Myanmar pardoned more than 500 prisoners on Monday in an amnesty that included at least 80 political detainees, according to activists, a step that could strengthen the former military state’s growing bonds with Washington.
An announcement on state television did not make clear if any of the 514 affected were political detainees, but two activists groups who monitor dissidents jailed in Myanmar said more than 80 were given presidential pardons.
Bo Kyi, secretary-general of the Assistance Association for Political Prisoners (AAPP), a Thai-based group that tracks detainees in Myanmar, said yesterday his group had so far found 88 political prisoners were freed, possibly more.
Ba Myo Thein from the Group for Freedom of Political Prisoners said yesterday 84 dissidents, including 24 Buddhist monks, were released in the amnesty.
The timing of the amnesty is significant coming ahead of a US visit by Burmese President Thein Sein. The US Department of State said US officials would meet the former junta general on the sidelines of the UN General Assembly next week.
It also coincides with a separate US trip that began on Monday by Aung San Suu Kyi, the 1991 Nobel Peace Prize winner.
Suu Kyi’s election to parliament in April helped to transform Myanmar’s pariah image and convince the West to begin rolling back sanctions after a year of dramatic reforms.
The US has repeatedly called for all remaining dissidents to be freed as a pre-condition for further economic rewards, including a relaxation of a ban on imports of Myanmar-made products imposed years ago in response to human rights abuses under military regimes, which ruled from 1962 until last year.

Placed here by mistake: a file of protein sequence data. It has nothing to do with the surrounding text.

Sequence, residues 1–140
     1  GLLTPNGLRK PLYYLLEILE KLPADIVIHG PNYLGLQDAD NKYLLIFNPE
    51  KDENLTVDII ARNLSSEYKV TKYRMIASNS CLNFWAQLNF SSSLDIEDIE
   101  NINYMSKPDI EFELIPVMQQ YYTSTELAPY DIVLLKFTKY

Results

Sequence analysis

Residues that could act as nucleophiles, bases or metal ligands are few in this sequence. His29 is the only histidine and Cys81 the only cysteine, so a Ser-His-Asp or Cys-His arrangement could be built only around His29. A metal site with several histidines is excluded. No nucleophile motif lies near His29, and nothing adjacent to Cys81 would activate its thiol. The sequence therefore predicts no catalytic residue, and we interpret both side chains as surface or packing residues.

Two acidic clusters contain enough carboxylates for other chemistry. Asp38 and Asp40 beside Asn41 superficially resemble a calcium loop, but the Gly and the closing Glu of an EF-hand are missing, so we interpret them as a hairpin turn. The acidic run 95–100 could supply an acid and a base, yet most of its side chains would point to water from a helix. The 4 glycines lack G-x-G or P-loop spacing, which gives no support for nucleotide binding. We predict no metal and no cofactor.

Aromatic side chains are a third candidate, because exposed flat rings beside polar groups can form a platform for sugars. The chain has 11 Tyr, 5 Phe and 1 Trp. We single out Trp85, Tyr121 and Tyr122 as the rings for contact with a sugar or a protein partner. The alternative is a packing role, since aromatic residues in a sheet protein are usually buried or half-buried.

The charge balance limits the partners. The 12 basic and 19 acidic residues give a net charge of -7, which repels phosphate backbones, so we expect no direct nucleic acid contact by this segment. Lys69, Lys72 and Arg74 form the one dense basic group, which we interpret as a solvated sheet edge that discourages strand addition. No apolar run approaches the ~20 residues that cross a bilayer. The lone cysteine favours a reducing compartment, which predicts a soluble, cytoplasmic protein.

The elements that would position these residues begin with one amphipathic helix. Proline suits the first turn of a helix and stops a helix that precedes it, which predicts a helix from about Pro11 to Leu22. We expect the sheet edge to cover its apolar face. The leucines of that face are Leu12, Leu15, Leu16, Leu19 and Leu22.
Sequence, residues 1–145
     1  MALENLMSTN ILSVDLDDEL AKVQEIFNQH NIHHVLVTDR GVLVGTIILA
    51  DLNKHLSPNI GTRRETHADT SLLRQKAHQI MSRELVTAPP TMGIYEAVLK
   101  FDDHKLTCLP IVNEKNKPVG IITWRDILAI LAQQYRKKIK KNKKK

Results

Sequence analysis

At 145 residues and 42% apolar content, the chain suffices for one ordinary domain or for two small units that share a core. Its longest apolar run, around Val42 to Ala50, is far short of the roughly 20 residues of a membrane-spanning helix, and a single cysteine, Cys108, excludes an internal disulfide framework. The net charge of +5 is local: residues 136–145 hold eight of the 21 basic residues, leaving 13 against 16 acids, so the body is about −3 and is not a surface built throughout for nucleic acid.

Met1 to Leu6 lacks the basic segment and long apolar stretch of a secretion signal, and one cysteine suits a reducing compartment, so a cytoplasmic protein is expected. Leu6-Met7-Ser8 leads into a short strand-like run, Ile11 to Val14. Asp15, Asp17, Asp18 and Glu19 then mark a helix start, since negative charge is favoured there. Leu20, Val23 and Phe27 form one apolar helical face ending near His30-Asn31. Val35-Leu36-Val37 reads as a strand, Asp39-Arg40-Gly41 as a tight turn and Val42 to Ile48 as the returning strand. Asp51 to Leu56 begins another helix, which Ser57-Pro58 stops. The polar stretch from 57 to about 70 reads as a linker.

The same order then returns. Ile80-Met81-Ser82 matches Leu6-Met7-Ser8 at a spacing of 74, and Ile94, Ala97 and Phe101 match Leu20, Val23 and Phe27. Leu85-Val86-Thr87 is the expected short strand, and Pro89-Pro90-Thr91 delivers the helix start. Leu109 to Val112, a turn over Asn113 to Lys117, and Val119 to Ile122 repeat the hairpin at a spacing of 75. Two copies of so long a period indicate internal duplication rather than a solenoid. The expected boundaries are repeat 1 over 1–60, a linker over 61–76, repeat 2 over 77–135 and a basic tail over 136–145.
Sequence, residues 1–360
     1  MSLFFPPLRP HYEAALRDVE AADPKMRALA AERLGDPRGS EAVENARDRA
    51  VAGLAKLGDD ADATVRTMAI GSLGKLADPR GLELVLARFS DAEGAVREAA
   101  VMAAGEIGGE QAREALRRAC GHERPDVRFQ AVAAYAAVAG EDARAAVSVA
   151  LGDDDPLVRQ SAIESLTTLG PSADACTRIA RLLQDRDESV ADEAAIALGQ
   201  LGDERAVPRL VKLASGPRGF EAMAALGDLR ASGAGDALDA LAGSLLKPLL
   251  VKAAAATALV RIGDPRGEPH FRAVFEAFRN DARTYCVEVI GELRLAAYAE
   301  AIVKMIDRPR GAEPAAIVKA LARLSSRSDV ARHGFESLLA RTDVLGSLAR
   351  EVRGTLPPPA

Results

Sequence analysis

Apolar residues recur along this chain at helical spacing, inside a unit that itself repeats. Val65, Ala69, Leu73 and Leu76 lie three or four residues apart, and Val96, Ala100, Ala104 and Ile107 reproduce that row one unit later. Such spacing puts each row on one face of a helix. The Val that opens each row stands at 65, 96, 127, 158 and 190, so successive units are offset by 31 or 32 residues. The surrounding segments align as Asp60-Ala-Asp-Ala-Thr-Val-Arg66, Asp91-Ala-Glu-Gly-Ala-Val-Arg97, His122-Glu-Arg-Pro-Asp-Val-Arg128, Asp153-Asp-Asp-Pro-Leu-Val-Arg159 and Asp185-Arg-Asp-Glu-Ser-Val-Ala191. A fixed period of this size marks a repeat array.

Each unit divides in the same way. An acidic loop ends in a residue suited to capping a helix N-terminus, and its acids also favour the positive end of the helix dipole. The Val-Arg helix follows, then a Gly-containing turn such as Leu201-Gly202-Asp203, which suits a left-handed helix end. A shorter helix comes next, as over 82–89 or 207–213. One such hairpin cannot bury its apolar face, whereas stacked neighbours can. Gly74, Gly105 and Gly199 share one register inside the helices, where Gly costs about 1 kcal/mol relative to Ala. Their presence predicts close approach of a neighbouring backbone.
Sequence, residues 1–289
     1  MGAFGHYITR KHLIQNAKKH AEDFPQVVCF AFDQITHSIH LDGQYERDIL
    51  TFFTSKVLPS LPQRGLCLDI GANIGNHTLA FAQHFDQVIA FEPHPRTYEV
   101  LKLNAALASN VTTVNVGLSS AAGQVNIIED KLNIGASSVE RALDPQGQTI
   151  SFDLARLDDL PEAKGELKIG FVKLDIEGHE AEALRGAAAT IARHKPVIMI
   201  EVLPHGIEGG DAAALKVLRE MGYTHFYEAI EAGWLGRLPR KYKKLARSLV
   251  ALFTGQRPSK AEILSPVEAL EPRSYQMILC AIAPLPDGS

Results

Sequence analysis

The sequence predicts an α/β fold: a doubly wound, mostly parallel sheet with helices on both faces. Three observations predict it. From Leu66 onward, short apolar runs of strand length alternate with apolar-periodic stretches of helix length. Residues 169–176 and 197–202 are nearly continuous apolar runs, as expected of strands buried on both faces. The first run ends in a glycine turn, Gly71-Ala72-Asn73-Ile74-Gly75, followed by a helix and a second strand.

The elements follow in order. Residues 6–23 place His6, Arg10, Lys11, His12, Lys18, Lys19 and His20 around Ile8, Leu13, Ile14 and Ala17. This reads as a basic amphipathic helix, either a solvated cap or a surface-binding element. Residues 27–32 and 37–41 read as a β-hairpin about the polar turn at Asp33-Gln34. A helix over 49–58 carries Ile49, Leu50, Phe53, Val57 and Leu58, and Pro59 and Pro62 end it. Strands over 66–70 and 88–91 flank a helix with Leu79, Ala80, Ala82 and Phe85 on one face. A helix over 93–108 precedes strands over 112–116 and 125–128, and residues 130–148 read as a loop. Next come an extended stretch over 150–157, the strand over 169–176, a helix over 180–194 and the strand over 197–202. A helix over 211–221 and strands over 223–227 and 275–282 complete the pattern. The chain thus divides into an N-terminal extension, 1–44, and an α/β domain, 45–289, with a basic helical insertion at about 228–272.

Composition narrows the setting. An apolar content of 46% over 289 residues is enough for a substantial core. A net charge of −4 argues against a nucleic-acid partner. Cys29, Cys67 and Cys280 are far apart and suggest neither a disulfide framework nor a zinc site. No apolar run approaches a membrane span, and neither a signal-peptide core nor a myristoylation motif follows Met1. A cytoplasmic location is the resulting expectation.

In Washington, the US State Department reacted cautiously to news of the amnesty and said it would monitor events to see whether any political prisoners were in fact released.
“We have seen reports that the government of Burma’s Information Ministry has announced that 514 prisoners will be granted presidential amnesty on humanitarian grounds,” a State Department spokeswoman said on condition of anonymity.
“We are watching developments of the prisoner release closely and will work carefully to verify if any political prisoners are released,” she added. “The United States continues to call for the immediate and unconditional release of all political prisoners.”
Among those freed was Shwe Htoo, 68, a retired schoolteacher who was jailed for 42 years for attempting to mobilize protesters in 1998.
Recent amnesties have included a mix of dissidents and criminal convicts and the government seldom refers to them as political prisoners.
Ko Ko Gyi, a leader of the 88 Generations Group of activists, most of whom were incarcerated under the military said: “We welcome the release ... but there are still many prominent prisoners of conscience.”